I mentioned in this post that one could teach Feuerbach’s projection theory by comparing people’s talk about gods with what they might say about inkblots: their answers probably tell us more about themselves than anything else.
Over at Predictably Irrational, I just read about a study that supports a projection theory. Researchers asked people about their own political views, the views of other people, and their god’s view. Not surprisingly, their own view and their god’s view often lined up.
But the study went even further:
But correlation doesn’t imply causation, so to shed light on the direction of causality, the researchers ran two follow-up experiments. This time, instead of just surveying participants for current views, they induced participants to change their personal views by randomly assigning them to give speeches for or against the issue (death penalty) in front of a camera. Because it was random assignment, some people ended up arguing for their personal view, while others argued against it (many past studies have shown that in this context, people tend to shift their own opinions in a direction consistent with the speech they delivered). So, what about the other views (God’s, Couric’s etc.) – would the participant revise those as well?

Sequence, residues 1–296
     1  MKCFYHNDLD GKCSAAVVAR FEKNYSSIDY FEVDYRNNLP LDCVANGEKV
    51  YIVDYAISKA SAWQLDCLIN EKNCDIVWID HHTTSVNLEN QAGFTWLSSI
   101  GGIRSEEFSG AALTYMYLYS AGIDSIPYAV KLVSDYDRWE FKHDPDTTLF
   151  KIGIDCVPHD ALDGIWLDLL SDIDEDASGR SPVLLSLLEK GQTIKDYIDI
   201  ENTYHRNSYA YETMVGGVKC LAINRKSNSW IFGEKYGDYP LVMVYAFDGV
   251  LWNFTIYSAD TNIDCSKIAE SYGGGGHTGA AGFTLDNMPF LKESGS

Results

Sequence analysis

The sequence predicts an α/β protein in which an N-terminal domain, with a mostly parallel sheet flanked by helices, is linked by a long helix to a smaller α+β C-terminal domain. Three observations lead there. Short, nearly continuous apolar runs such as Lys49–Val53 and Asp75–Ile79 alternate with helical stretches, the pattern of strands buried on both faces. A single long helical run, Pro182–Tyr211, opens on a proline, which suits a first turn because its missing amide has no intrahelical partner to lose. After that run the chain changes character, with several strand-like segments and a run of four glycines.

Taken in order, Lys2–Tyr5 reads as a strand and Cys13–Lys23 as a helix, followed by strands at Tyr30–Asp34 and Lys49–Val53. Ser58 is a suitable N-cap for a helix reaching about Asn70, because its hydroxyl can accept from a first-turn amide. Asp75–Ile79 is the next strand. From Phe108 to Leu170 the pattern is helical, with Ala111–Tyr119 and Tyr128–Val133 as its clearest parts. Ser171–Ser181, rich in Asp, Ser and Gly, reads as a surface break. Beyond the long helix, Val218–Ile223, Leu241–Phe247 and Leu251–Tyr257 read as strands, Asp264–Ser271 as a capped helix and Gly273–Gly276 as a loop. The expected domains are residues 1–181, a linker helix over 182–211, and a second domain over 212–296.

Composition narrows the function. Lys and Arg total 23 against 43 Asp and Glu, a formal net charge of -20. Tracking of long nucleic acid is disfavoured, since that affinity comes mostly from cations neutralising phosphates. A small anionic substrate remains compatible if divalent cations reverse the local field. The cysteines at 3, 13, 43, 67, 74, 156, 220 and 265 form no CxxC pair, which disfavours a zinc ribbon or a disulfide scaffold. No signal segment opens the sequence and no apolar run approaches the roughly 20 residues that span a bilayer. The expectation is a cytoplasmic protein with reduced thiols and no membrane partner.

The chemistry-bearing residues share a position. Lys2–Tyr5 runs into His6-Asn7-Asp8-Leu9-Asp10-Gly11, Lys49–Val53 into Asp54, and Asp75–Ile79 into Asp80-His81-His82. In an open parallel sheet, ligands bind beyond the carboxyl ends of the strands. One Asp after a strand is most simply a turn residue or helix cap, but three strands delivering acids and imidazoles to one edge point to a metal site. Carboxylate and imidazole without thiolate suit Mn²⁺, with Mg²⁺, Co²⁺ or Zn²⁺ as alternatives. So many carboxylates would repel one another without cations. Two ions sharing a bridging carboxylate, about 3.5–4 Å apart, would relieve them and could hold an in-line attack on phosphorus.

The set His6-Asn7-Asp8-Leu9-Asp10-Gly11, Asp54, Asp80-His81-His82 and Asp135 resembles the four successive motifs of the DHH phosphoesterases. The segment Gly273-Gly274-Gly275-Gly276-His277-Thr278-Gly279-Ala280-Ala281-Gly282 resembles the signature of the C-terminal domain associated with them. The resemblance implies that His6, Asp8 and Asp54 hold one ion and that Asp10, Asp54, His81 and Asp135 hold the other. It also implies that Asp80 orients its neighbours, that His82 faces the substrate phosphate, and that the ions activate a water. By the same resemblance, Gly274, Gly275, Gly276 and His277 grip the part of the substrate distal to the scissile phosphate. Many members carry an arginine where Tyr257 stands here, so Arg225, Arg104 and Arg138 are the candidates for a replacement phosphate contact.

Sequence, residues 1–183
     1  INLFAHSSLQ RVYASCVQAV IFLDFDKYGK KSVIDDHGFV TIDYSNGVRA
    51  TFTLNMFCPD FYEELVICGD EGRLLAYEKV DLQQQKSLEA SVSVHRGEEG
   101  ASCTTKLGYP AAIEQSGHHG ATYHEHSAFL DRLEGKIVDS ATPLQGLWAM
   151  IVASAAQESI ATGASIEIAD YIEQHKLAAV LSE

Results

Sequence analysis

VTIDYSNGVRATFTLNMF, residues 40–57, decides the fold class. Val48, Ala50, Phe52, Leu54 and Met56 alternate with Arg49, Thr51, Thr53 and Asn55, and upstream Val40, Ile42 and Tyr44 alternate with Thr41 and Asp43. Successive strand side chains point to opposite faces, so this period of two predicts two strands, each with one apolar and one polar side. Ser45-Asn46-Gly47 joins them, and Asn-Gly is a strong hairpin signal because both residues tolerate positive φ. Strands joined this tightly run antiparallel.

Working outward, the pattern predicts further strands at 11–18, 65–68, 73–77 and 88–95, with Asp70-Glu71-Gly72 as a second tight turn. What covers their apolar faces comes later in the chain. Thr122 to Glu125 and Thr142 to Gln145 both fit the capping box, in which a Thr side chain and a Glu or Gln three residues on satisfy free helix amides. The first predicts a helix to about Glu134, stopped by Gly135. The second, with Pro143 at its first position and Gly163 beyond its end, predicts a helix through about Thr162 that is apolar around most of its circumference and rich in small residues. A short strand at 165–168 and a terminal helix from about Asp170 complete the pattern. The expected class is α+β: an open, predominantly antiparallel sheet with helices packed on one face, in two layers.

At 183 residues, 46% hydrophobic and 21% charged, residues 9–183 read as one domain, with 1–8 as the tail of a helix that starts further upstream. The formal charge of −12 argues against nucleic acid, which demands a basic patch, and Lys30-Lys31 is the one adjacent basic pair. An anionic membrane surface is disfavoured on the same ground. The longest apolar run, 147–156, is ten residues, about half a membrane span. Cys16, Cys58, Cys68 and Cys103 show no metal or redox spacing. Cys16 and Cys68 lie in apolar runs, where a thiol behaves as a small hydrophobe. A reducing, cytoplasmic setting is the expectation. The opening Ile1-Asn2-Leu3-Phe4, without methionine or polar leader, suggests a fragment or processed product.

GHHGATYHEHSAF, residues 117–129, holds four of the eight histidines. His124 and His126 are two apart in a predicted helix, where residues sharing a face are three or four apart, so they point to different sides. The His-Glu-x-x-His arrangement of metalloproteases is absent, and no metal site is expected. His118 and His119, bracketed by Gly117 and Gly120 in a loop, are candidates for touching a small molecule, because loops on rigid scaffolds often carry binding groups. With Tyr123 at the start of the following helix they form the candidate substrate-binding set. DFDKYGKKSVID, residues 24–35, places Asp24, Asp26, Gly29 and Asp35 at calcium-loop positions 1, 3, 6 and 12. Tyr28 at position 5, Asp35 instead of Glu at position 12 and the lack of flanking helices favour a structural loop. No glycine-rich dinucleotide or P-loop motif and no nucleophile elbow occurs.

Yes and no. The only other view that changed was God’s. As participants’ own views changed, so did their estimates of God’s view. The participant who started out very much for the death penalty but took on a more moderate view after arguing against the death penalty on camera also ascribed a more moderate view to God. But his estimates of the others’ views remained unchanged.
Overall these results suggest that God is a blank slate onto which we project whatever we choose to. We join religious communities that argue for our viewpoint and we interpret religious readings to support our personal positions.